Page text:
‘Ha! ha, ha. He, he, he!’, 18th-century engraving © British Library Board/Bridgeman Images.
Why do we laugh? Thomas Hobbes thought he knew the answer, as he did to most questions. Ridicule, to Hobbes, was a species of contempt. To laugh at something was to deride it. To be laughed at was to be slapped round the chops, an experience both painful and demeaning. Most importantly, ridicule always had a victim. Harmless mirth did not exist. This rather limited sense of ridicule proved shockingly resilient. Seventy-five years after Hobbes died, Samuel Johnson defined it in terms that would have been deeply familiar to the old philosopher: ‘Wit of that species which provokes laughter, and is designed to bring the subject of it into contempt; derision; mockery; sport; satire; sarcasm.’
But there is another way of thinking about ridicule. In the early years of the 18th century a select group of philosophers began to conceive of laughter as something that might police the boundaries of sociable conduct. The chief exponent and theorist of this new school of thought was Anthony Ashley-Cooper, 3rd Earl of Shaftesbury. Daunted by the boisterous reality of London’s taverns and coffee houses, Shaftesbury obsessed over the impoverished condition of everyday social interaction. He saw the refinement of laughter as an important weapon in his crusade to improve English manners, replacing the embittered grunts and guffaws of the mob with cultivated chuckles. Certain immoral, unsociable and unnatural behaviours were intrinsically ridiculous and worthy of scorn, he thought. If disdainful Hobbesian laughter strained the bonds of community and fellow feeling, then this new Shaftesburian banter could bond virtuous citizens in shared contempt for the corrupt and profane. Laughing at vice would become a means of signalling virtue. To snigger at a righteous action was, by contrast, the surest route to exposing one’s own moral deficiency.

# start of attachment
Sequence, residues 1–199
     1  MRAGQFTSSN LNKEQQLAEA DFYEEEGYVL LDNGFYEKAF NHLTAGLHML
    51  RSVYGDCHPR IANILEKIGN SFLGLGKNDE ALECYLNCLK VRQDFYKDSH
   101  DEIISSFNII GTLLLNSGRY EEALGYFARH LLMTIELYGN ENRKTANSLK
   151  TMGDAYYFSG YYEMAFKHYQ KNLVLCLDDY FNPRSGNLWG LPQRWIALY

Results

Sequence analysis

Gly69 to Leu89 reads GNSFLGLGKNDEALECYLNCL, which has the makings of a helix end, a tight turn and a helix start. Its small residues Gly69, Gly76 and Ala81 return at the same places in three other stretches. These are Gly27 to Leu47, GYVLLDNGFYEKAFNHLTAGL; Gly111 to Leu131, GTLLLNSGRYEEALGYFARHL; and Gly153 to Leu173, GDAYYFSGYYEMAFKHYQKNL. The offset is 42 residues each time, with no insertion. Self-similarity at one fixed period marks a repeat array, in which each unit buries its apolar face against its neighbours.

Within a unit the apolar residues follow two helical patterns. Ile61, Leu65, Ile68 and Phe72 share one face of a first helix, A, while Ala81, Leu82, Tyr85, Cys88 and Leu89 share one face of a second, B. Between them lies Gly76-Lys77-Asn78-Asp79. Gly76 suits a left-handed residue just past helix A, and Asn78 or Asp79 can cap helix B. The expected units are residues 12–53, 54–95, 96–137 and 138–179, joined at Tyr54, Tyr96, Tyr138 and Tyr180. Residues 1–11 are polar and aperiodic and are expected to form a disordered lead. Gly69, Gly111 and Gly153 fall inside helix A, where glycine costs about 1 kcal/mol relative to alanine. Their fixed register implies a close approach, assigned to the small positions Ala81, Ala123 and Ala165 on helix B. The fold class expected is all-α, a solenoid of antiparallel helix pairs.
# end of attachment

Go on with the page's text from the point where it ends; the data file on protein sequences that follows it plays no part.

In Uncivil Mirth, Ross Carroll charts the tension between these two ways of thinking about ridicule. The book ranges across the 18th century, from Shaftesbury in the early years through the titans of the Scottish Enlightenment to Mary Wollstonecraft in the final decade. Despite his title, it is the tradition of civil mirth that principally occupies Carroll, the question of how laughter came to have ‘social value’ in the fight against prejudice and intolerance. In pursuit of an answer, Carroll has crafted a work of scholarship that is elegant, even-handed and deeply engaged with both the period in question and our own present moment. There are lessons to be learned by returning to this 18th century debate. Carroll is the man to find them.
The opening chapters tracing the early development of Shaftesbury’s theory of ridicule are virtuosic examples of intellectual history. Using both manuscript notebooks and the major published works, Carroll charts how Shaftesbury came to think that good-natured ridicule could become an antidote to religious and political persecution. For all his brilliance as a thinker and prose stylist, Shaftesbury was very limited as an observer of society. He refused to acknowledge the simple fact that much ridicule was born of malice and fuelled by intolerance. If there is a weakness in Carroll’s excellent book, it is that he follows the earl too closely. There is little room for laughter and ridicule as they were experienced outside the narrow preserve of an exalted elite. Thoughts on everyday rudeness and ribaldry are curiously muted.